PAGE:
Saturday, December 20, 2014

Before You Say Anything...

The college football "Bowl Season" kicks off (pun intended!) today.  Although there are close to 1,937 bowl games to be played between today and the National Championship Game, which will not be played until January 12, 2015 (NO I'M NOT KIDDING), my beloved Alma mater shall not be a participant yet again this year.  When the University of Nevada Wolf Pack and the Louisiana-Lafayette Ragin' Cajuns clash at 11:00 am Eastern Time this morning in the New Orleans Bowl, theirs shall be the first of thirty-nine such get-togethers.  

Some of the contests might capture your interest.  A considerable number of them - and perhaps all of them - might not.  But the fact that neither you nor I has any rooting interest in the outcome of the "Roto-Rooter Raw Sewage Bowl" from Camden, New Jersey or some such thing does not diminish the experience of the game itself for the young men who shall play.  Nor does it diminish the experience for the families of the aforementioned young men, including those of whom are hopefully able to be present to cheer for their favorite player in person. 

It has been said that an athlete dies twice with the first time being the final time he or she puts on the uniform and participates in a game.  A percentage of the kids who are suiting up for their respective schools shall, when they run out of the tunnel and onto the field - whether in New Orleans, Louisiana, Boise, Idaho or the Bronx - do so for the final time.  A game that each has played since perhaps he was too young to actually remember when he first played it, which game has been an integral part of his day-to-day for most of his life and which (He says hopefully) has afforded him the chance to go to college, which chance might otherwise have not been available to him, is about to move from the present tense to the past tense.  For the rest of his life.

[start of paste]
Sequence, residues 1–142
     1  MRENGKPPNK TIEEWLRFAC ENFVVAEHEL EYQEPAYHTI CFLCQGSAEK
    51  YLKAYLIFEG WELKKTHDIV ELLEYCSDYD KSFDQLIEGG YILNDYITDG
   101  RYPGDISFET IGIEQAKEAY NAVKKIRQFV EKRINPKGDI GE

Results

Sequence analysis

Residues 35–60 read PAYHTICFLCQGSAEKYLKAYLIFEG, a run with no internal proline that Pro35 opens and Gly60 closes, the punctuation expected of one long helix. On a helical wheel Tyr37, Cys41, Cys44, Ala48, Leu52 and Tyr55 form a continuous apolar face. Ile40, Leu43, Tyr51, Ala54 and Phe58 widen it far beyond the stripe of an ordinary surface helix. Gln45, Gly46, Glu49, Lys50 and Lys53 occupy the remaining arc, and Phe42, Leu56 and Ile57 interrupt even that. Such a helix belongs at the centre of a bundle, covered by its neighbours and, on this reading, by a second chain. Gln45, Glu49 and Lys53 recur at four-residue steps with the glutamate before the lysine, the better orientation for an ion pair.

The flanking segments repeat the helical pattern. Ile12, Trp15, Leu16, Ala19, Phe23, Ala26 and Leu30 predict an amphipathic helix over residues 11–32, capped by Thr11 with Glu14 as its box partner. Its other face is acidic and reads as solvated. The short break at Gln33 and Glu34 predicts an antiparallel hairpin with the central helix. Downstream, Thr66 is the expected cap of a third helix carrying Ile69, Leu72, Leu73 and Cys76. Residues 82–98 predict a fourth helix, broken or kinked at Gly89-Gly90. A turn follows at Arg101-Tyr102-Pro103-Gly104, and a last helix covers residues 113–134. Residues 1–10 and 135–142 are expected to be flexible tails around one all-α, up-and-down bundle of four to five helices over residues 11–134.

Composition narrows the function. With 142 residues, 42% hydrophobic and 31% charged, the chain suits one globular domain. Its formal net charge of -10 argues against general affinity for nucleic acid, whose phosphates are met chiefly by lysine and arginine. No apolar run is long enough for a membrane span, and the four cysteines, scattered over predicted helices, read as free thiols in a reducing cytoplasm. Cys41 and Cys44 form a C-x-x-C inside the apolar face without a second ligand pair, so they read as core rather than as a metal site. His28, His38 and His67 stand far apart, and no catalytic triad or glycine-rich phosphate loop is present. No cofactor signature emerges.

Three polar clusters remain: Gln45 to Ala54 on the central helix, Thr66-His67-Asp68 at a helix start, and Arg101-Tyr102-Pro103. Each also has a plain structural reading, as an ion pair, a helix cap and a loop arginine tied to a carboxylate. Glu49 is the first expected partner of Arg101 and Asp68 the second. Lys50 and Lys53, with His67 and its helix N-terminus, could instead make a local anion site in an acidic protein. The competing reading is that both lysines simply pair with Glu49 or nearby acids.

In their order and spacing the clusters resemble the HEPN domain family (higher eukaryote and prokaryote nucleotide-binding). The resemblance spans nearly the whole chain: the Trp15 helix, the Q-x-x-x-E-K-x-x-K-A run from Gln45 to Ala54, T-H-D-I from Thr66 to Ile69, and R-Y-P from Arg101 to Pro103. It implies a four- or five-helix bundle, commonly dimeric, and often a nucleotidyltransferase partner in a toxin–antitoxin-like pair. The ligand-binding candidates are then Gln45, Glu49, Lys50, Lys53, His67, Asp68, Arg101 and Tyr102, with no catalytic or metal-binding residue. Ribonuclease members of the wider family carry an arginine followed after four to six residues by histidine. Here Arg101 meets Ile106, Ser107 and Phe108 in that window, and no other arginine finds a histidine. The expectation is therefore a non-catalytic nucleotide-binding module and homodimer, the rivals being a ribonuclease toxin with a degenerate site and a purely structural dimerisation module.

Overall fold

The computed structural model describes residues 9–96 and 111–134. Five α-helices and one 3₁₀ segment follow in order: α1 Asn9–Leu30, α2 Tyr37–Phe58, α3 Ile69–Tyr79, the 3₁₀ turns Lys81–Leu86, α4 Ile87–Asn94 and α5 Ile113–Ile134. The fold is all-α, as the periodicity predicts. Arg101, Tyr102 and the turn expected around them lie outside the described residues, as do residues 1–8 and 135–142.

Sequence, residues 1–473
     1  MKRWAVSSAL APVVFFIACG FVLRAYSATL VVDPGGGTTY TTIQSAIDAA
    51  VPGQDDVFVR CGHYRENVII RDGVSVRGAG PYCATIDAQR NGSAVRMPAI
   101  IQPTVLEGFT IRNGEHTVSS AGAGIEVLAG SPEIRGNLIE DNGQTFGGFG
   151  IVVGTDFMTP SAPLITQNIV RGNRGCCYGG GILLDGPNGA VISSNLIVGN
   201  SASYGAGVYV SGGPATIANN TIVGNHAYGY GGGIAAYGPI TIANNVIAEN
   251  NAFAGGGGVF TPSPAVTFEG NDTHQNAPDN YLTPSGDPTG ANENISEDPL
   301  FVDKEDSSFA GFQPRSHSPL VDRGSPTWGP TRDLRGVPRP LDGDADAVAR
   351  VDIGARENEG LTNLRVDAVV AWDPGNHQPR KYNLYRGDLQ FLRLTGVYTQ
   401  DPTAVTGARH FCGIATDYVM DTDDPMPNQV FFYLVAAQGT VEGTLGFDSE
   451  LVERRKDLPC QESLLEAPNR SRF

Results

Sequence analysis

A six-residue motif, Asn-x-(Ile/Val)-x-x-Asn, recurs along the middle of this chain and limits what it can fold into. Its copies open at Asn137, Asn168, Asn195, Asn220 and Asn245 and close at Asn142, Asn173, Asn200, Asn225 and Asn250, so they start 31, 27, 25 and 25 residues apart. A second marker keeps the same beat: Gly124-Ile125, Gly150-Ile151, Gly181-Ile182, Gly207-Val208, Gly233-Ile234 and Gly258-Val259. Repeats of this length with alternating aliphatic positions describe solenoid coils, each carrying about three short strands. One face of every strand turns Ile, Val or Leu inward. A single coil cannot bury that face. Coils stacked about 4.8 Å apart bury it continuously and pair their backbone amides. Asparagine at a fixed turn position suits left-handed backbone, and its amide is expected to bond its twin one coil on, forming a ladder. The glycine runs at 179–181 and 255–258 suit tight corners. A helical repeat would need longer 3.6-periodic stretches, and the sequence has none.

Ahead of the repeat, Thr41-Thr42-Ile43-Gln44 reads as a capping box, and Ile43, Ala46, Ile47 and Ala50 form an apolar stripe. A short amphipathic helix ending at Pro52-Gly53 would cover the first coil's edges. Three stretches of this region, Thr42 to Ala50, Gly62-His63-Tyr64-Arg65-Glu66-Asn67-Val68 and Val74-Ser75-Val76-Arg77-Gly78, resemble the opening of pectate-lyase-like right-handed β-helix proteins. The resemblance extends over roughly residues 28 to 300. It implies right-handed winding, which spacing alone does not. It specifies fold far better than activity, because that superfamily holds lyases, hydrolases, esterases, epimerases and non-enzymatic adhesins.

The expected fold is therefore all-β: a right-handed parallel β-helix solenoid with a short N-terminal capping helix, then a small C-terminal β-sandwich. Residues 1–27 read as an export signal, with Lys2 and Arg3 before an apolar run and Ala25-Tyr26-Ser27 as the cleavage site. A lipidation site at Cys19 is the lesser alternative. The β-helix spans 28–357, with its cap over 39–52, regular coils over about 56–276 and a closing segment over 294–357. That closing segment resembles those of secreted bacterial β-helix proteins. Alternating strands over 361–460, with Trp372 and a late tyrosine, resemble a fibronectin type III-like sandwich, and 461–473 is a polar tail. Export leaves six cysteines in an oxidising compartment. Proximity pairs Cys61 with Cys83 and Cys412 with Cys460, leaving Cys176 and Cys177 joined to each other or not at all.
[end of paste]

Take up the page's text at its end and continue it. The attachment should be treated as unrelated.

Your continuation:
I played varsity sports enthusiastically - if not especially well - in high school.  Although it was thirty autumns ago, I still remember the final soccer game of my senior season.  We lost at The Hun School in Princeton.  It was a regular season game, played after we had been eliminated from the State Tournament by Morristown-Beard.  My coach, Howard Freeman, did what he should have done in the second half of that last game, which was play the underclassmen who would form the backbone of his team the following year.  

Doing so, however, meant that those of us who had played essentially every minute of every game - which I had done - spent the final few minutes of our competitive soccer career on the bench adjacent to the field rather than on the field itself.  A seventeen-year-old high school senior, I was less than enthralled at the manner in which my time spent playing the sport I loved to play far more than any other drew to a close.  I was plenty pissed off about it that day and for a number of days that followed.  

I am far from smart.  Yet, even I was able to appreciate that the door that swung closed on that cold, miserable November afternoon was one that was not subject to being reopened.  Not ever.  

The moral of this story?  I suppose it is this:  Unless and until you officially replace the Sun as the center of the Universe (and here is a tip - I am the heir to that particular throne), the mere fact that these sporting events are insignificant to you does not mean that their purported insignificance is a universal truth.  Opinion and fact are not - surprise, surprise - the same thing.

You are certainly within your rights to express your opinion as to their relative lack of meaning to your life.  You are to do so, however, without shitting on the kids - and their families - to whom they mean significantly more.  


No comments: